A large multi-ethnic study of more than 75,000 men and women showed that drinking 3 or more cups/day of regular coffee reduced risk of developing type II diabetes 35% in women, and 14% in men; this study did not find significant risk reduction with decaffeinated coffee.50
People with mild cognitive impairment (MCI, the precursor to Alzheimer’s) who have higher blood caffeine levels are significantly less likely to progress to full-blown dementia, and rates of cognitive decline are slower in people with higher caffeine intake.60,61 Coffee drinkers who consume 3 cups/day are 28% less likely to develop Parkinson’s disease.62
Caffeine is also associated with a decreased risk of depression, as shown by studies documenting up to a 43% risk reduction in people with the highest versus the lowest caffeine consumption.65,66 Consumption of coffee itself provides a 39 to 77% reduction in risk of depression.66,67
Coffee is one of the most widely consumed beverages in the world; it contains more than 1,000 different compounds.
Once thought likely to be harmful, coffee is now recognized as an excellent source of antioxidant and anti-inflammatory molecules.
Very large and powerful epidemiological studies show that coffee consumption is associated with longer lifespans and with reduced risks of dying from a host of common, age-related conditions.
Coffee reduces the risk of cardiovascular disease, metabolic syndrome, diabetes, neurodegenerative diseases, and liver and kidney cancers.
Great coffee article, but I have friends like Elana who simply cannot drink coffee, their systems are just not wired for it and might do more harm than good.
Remember, every body is different so it’s wonderful to have different approaches to health and people like Elana who share their info.
Here’s a little more comprehensive analysis: If you think chicory “coffee” is a “healthy” substitute for the “real thing,” think about this: chicory can contain as much as 3 grams of inulin per cup. Inulin has about 2% short-chain FOS (fructo-oligosaccharides), so it can present a problem to diabetics, people with candida, bowel dysbiosis, IBD and IBS. FOS encourages the growth of Klebsiella, a bacteria implicated in Ankylosing Spondylitis and in increased intestinal permeability (leaky gut). Those prone to developing gallstones need to be extra cautious about consuming chicory, as it can stimulate the production of bile. Finally, pregnant women should steer clear of chicory, as it can contribute to miscarriage…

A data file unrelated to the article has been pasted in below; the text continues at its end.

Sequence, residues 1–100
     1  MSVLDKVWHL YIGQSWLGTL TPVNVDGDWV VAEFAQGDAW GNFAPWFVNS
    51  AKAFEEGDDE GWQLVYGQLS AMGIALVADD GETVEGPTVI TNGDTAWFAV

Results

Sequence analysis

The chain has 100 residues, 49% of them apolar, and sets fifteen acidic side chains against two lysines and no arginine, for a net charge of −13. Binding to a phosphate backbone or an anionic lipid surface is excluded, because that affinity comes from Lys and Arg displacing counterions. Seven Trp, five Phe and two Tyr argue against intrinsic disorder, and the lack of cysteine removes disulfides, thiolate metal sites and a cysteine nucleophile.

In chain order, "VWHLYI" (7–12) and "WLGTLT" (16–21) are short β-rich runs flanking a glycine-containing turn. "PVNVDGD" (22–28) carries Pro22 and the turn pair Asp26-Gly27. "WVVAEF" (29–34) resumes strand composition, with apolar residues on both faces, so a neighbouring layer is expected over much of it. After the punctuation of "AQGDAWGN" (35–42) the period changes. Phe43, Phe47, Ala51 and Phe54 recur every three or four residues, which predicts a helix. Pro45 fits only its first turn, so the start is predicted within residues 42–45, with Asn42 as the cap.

Chickory is NOT a healthy substitute for coffee if you are pregnant (can contribute to miscarriage), if you are allergic to ragweed and related plants, or if you are prone to developing gallstones. Always do your research before making substitutions. Personally, I am a coffee lover, but I drink it organic, cold-brewed, and only one cup on weekend mornings. I add a touch of true cinnamon, cacao powder and grade B maple syrup–all organic, of course. It’s a treat for me, but if you are sensitive to caffeine, you should look elsewhere.
Thanks for your input on Chicory I had no idea of miscarriages and all. That’s terrible!
This coffee recipe looks fabulous. I’m always craving coffee so I need a healthier alternative. Thanks for the share!
Of course you have a dandelion thing! I LOVE dandelions and toute their amazing properties every spring. I use the flowers to make a honey flavored syrup, the kids and I love eating the stems and leaves while lounging outside. I bought the root but it’s not roasted or ground so I have not used it much beyond a medicinal tea. This post reminded me I need to buckle down and get these. Chicory is something my grandpa loved, and chicory coffee.
Coconut oil and coffee are amazing, but my inflammation is way lower without caffeine. And my mood and energy are WAY better without coffee in my diet. With 6 kids 8 1/2- 4 months, definitely in survive mode and need to transition to thrive mode!
Becky Gormley says
Me neither. I drink one large cup every morning and have none of the issues listed. I sleep like a baby and am quite healthy at 67.